Warning crooks: Bucks County, Pa., has your number
System shares data across department lines
- By Joab Jackson
- Nov 20, 2009
Seven police departments within Bucks County, Pa. are using software that allow their police officers to share basic criminal information while on their beats. Cody Systems has provided the software, called the Collaborative Object-Based Regional Access (COBRA) system, to the departments within the county free of charge, in honor of a police officer who was killed in action.
Although the state of Pennsylvania collects and disseminates some law enforcement data, getting information about nearby incidents to officers on the street remains a challenge, a problem which COBRA was designed to solve.
Police officers on patrol can use the software through their laptop computers. They can search on persons, incidents and vehicles that have come under suspicion in any of the districts within Bucks County, said Bristol Pa. township detective Robert Lebo, who uses the software. Behind the scenes, COBRA acts as a bridge to multiple police database systems within the county. Once an update is entered into one system, it can be accessed by an office from any of the participating forces within a few moments.
The county police departments had been looking for an information sharing system for some time, Lebo said, but the search took a greater priority in 2005 with the death of Newtown Borough police officer Brian Gregg. A suspect with a record of violent behavior killed Gregg while Gregg was trying to arrest him. Gregg was unaware of the man's history of violence.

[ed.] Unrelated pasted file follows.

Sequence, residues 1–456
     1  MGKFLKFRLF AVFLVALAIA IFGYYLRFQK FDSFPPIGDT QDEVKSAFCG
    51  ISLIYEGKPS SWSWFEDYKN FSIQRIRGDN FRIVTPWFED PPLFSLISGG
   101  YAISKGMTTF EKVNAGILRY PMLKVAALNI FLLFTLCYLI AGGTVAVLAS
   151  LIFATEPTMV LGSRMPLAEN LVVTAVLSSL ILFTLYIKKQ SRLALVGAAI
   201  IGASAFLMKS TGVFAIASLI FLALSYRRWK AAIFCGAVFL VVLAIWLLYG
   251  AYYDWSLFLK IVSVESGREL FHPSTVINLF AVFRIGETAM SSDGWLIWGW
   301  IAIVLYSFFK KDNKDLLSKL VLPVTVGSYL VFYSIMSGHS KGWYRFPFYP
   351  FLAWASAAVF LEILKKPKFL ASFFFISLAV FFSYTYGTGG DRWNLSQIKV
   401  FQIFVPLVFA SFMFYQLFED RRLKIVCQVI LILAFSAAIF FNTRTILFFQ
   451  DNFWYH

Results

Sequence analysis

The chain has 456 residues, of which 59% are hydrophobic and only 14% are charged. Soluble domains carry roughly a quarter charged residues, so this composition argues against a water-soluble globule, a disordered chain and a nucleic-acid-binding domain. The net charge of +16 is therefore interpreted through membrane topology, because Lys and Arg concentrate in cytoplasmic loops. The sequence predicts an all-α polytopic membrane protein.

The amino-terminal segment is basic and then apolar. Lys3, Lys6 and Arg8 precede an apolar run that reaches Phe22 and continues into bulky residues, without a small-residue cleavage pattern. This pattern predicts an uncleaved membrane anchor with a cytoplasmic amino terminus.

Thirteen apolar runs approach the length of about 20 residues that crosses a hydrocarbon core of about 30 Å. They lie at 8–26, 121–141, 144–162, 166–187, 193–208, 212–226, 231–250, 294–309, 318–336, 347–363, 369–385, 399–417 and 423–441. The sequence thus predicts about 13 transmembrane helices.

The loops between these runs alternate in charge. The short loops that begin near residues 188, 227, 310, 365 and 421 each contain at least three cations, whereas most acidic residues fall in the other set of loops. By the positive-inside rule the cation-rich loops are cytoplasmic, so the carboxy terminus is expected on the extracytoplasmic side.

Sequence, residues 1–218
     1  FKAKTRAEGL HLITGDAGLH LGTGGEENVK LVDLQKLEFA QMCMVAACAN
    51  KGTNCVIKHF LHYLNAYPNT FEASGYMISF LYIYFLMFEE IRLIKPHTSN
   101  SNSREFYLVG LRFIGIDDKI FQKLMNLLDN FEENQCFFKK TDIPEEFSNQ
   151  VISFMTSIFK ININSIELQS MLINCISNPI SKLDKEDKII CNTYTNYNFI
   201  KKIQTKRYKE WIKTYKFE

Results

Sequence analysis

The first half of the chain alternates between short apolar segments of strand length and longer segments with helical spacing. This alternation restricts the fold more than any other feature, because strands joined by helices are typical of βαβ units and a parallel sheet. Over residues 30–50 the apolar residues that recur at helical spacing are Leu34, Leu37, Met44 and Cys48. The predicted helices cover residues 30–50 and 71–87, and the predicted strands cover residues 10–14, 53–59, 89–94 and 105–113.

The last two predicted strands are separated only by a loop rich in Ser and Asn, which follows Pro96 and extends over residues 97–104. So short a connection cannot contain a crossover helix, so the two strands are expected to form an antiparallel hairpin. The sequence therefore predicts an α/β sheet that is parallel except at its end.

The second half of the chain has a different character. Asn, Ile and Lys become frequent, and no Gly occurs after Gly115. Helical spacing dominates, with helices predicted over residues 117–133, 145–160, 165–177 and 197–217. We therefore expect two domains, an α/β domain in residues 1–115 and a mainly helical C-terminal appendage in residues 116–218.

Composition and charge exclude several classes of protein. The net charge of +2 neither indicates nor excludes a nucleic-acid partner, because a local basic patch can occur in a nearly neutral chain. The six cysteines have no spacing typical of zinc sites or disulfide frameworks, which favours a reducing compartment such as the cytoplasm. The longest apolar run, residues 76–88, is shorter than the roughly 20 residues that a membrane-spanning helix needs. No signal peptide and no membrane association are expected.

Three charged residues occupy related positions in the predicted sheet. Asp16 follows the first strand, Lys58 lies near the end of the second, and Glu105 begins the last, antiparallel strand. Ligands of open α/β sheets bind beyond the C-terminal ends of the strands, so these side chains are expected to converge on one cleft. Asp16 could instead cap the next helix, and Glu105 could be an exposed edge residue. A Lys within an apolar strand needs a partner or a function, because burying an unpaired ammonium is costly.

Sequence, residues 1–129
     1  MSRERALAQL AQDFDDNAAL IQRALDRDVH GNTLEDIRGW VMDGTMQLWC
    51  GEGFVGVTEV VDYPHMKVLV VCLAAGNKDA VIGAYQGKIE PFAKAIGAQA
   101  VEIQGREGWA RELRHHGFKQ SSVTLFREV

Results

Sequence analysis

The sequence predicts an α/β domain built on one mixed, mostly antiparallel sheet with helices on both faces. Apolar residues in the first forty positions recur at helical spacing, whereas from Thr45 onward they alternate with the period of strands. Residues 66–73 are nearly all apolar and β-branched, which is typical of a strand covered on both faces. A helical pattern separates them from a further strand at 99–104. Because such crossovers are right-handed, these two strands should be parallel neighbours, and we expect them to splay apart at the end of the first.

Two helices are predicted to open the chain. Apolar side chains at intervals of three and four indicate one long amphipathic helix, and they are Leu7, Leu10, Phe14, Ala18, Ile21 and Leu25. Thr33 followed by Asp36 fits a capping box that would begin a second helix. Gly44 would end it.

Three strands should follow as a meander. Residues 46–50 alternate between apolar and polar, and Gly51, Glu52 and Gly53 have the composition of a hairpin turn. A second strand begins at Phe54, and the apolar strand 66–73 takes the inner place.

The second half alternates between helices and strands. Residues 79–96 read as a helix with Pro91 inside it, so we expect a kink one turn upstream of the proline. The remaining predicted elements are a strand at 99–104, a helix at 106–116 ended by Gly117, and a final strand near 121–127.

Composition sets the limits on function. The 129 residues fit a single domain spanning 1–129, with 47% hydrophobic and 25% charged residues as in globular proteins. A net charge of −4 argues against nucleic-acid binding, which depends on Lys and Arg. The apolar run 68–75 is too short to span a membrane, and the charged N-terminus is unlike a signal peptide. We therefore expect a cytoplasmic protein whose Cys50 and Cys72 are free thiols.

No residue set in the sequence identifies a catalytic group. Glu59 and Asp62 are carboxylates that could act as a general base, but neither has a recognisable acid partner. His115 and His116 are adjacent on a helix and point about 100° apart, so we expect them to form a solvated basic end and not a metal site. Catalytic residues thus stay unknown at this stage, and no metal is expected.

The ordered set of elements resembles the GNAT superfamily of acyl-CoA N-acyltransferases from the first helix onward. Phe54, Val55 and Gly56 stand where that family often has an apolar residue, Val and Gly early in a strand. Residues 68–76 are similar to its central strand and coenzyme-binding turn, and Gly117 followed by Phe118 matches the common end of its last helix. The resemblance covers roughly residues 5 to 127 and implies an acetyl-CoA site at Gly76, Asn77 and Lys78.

An information-sharing system might have helped Gregg, Lebo said. "I'm not saying that it would have changed the way things happened, but it may have put the officer on guard a little more," he said.
Bristol set up a pilot program to try the Cody software in 2008, and has been using it since. Earlier this month the company donated the software in honor of Gregg. The software costs about $500,000, and the company pledged to provide support services as well, which could run about $50,000 per year.
The seven departments include the districts of Bristol Township, Bensalem, Doylestown Township, Falls Township, Newtown, Northampton and Warminster. Another 75 licenses were donated to nearby police departments that will allow them to contribute data to the system.
Bristol Township maintains the COBRA broker, called the Center-Point Server. The server keeps copies of all the records entered into each department's own records management system. No additional work on the part of the officers is needed to re-enter the data into COBRA, since the copying process is automated. The querying officer does not get the full record of the individual, due to privacy laws within the state. But the system ranks each person entered into it, based on the severity and frequency of previous infractions with the law. The records also show querying officers which other departments they can call for more information about an individual.
Prior to using this system, officers frequently would have no idea of the history of someone they were interacting with, Lebo explained. In some cases, an officer might mention a suspect's name on the radio and another officer from a nearby county who happened to hear the transmission and know something about the person might respond with some additional information. There was nothing systematic or consistent about the process. Even investigating someone from a desk would involve the time-intensive process of cold-calling the surrounding counties to run a check against the name.
With COBRA, "We can look at names, vehicle and places that other departments have had contacts with, to give us a better understanding of what we're dealing with at that point in time," Lebo said.
Lebo said he most appreciated the near-real-time aspect of the system. Running a check on someone, Lebo can get any recent information entered into the system. "He might have been over [in the adjoining district] 10 minutes ago hovering around a business or a school, not unlike he is doing when I had stopped him," Lebo said. With that information in hand, "it makes me look a little bit harder at the person."
Joab Jackson is the senior technology editor for Government Computer News.